# Wilson’s theorem and related problems in Elementary Number Theory for RMO

I) Prove Wilson’s Theorem:

If p is a prime, then $(p-1)! \equiv -1 {\pmod p}$.

Proof:

The cases for primes 2 and 3 are clearly true.

Assume $p>3$

Suppose that a is any one of the p-1 positive integers $1,2,3, \ldots {p-1}$ and consider the linear congruence $ax \equiv 1 {\pmod p}$. Then, $gcd(a,p)=1$.

Now, apply the following theorem: the linear congruence $ax \equiv b {\pmod n}$ has a solution if and only if $d|b$, where $d = gcd(a,b)$. If $d|b$, then it has d mutually incongruent solutions modulo n.

So, by the above theorem, the congruence here admits a unique solution modulo p; hence, there is a unique integer $a^{'}$, with $1 \leq a^{'} \leq p-1$, satisfying $aa^{'} \equiv 1 {\pmod p}$.

Because p is prime, $a = a^{'}$ if and only if $a=1$ or $a=p-1$. Indeed, the congruence $a^{2} \equiv 1 {\pmod p}$ is equivalent to $(a-1)(a+1) \equiv 0 {\pmod p}$. Therefore, either $a-1 \equiv 0 {\pmod p}$, in which case $a=1$, or $a+1 \equiv 0 {\pmod p}$, in which case $a=p-1$.

If we omit the numbers 1 and p-1, the effect is to group the remaining integers $2,3, \ldots (p-2)$ into pairs $a$ and $a^{'}$, where $a \neq a^{'}$, such that the product $aa^{'} \equiv 1 {\pmod p}$. When these $(p-3)/2$ congruences are multiplied together and the factors rearranged, we get $2.3. \ldots (p-2) \equiv 1 {\pmod p}$

or rather $(p-2)! \equiv 1 {\pmod p}$

Now multiply by p-1 to obtain the congruence $(p-1)! \equiv p-1 \equiv -1 {\pmod p}$, which was desired to be proved.

An example to clarify the proof of Wilson’s theorem:

Specifically, let us take prime $p=13$. It is possible to divide the integers $2,3,4, \ldots, 11$ into $(p-3)/2=5$ pairs, each product of which is congruent to 1 modulo 13. Let us write out these congruences explicitly as shown below: $2.7 \equiv 1 {\pmod {13}}$ $3.9 \equiv 1 {\pmod {13}}$ $4.10 \equiv 1 {\pmod {13}}$ $5.8 \equiv 1 {\pmod {13}}$ $6.11 \equiv 1 {\pmod {13}}$

Multpilying these congruences gives the result $11! = (2.7)(3.9)(4.10)(5.8)(6.11) \equiv 1 {\pmod {13}}$

and as $12! \equiv 12 \equiv -1 {\pmod {13}}$

Thus, $(p-1)! \equiv -1 {\pmod p}$ with prime $p=13$.

Further:

The converse to Wilson’s theorem is also true. If $(n-1)! \equiv -1 {\pmod n}$, then n must be prime. For, if n is not a prime, then n has a divisor d with $1 1$ is prime if and only if $(n-1)! \equiv -1 {\pmod n}$. Unfortunately, this test is of more theoretical than practical interest because as n increases, $(n-1)!$ rapidly becomes unmanageable in size.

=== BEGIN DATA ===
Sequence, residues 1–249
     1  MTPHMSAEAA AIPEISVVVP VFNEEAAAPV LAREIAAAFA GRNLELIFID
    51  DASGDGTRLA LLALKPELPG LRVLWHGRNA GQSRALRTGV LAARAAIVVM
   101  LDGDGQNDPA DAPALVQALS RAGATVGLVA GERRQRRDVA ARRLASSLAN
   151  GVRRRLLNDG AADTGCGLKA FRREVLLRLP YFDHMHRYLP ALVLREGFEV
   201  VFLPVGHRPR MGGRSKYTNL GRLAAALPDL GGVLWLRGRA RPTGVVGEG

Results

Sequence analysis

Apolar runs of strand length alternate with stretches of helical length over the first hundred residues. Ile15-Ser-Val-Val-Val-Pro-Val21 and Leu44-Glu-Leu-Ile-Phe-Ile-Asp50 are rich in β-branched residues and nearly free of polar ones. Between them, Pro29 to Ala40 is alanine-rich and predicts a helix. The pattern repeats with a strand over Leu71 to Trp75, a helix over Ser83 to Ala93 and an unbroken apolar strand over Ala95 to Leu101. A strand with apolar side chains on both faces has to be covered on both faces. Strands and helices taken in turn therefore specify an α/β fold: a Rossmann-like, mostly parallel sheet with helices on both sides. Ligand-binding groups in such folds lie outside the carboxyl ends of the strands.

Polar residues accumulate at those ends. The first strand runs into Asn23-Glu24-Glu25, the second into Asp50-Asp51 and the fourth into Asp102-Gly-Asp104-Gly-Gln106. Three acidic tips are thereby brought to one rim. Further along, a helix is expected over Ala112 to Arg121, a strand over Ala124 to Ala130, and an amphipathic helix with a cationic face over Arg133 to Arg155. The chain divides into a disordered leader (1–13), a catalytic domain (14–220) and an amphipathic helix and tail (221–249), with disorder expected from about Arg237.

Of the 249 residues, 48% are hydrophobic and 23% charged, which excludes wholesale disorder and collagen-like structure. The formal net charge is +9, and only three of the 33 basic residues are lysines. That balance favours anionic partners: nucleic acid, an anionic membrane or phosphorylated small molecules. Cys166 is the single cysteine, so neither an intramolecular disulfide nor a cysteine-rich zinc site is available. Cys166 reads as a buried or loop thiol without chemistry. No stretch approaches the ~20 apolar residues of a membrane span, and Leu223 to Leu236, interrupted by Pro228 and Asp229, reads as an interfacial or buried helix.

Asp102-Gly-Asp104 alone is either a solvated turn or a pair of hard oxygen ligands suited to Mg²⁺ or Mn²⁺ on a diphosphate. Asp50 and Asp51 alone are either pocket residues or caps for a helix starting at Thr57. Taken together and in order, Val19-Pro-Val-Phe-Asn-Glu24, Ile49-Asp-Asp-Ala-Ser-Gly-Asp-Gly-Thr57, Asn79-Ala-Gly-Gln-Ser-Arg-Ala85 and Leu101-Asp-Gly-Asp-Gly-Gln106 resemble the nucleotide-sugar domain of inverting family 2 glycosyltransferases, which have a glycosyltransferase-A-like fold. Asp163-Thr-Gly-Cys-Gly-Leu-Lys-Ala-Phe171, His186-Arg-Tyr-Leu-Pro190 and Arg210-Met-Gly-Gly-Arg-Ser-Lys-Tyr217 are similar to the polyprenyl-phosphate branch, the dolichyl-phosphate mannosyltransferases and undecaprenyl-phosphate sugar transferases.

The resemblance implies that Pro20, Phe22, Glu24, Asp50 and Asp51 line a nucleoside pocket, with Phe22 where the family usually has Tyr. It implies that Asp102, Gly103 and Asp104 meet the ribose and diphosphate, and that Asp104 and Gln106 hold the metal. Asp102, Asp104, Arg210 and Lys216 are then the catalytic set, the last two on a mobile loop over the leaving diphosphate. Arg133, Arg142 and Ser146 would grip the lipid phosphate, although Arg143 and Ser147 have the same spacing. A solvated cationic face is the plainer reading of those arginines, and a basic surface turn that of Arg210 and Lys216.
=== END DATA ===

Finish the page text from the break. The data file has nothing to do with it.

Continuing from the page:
Let us illustrate an application of Wilson’s theorem to the study of quadratic congruences{ What we mean by quadratic congruence is a congruence of the form $ax^{2}+bx+c \equiv 0 {\pmod n}$, with $a \not\equiv 0 {\pmod n}$ }

Theorem: The quadratic congruence $x^{2}+1 \equiv 0 {\pmod p}$, where p is an odd prime, has a solution if and only if $p \equiv 1 {\mod 4}$.

Proof:

Let a be any solution of $x^{2}+1 \equiv 0 {\pmod p}$ so that $a^{2} \equiv -1 {\pmod p}$. Because $p \not |a$, the outcome of applying Fermat’s Little Theorem is $1 \equiv a^{p-1} \equiv (a^{2})^{(p-1)/2} \equiv (-1)^{(p-1)/2} {\pmod p}$

The possibility that $p=4k+3$ for some k does not arise. If it did, we would have $(-1)^{(p-1)/2} = (-1)^{2k+1} = -1$

Hence, $1 \equiv -1 {\pmod p}$. The net result of this is that $p|2$, which is clearly false. Therefore, p must be of the form $4k+1$.

Now, for the opposite direction. In the product $(p-1)! = 1.2 \ldots \frac{p-1}{2} \frac{p+1}{2} \ldots (p-2)(p-1)$

we have the congruences $p-1 \equiv -1 {\pmod p}$ $p-2 \equiv -2 {\pmod p}$ $p-3 \equiv -3 {\pmod p}$ $\vdots$ $\frac{p+1}{2} \equiv - \frac{p-1}{2} {\pmod p}$

Rearranging the factors produces $(p-1)! \equiv 1.(-1).2.(-2) \ldots \frac{p-1}{2}. (-\frac{p-1}{2}) {\pmod p} \equiv (-1)^{(p-1)/2}(.2. \ldots \frac{p-1}{2})^{2}{\pmod p}$

because there are $(p-1)/2$ minus signs involved. It is at this point that Wilson’s theorem can be brought to bear; for, $(p-1)! \equiv -1 {\pmod p}$, hence, $-1 \equiv (-1)^{(p-1)/2}((\frac{p-1}{2})!)^{2} {\pmod p}$

If we assume that p is of the form $4k+1$, then $(-1)^{(p-1)/2} =1$, leaving us with the congruence $-1 \equiv (-\frac{p-1}{2})^{2}{\pmod p}$.

The conclusion is that the integer $(\frac{p-1}{2})!$ satisfies the quadratic congruence $x^{2}+1 \equiv 0 {\pmod p}$.

Let us take a look at an actual example, say, the case $p=13$, which is a prime of the form $4k+1$. Here, we have $\frac{p-1}{2}=6$, and it is easy to see that $6! = 720 \equiv 5 {\pmod {13}}$ and $5^{2}+1 = 26 \equiv 0 {\pmod {13}}$.

Thus, the assertion that $((p-1)!)^{2}+1 \equiv 0 {\pmod p}$ is correct for $p=13$.

Wilson’s theorem implies that there exists an infinitude of composite numbers of the form $n!+1$. On the other hand, it is an open question whether $n!+1$ is prime for infinitely many values of n. Refer, for example:

https://math.stackexchange.com/questions/949520/are-there-infinitely-many-primes-of-the-form-n1

More later! Happy churnings of number theory!
Regards,
Nalin Pithwa

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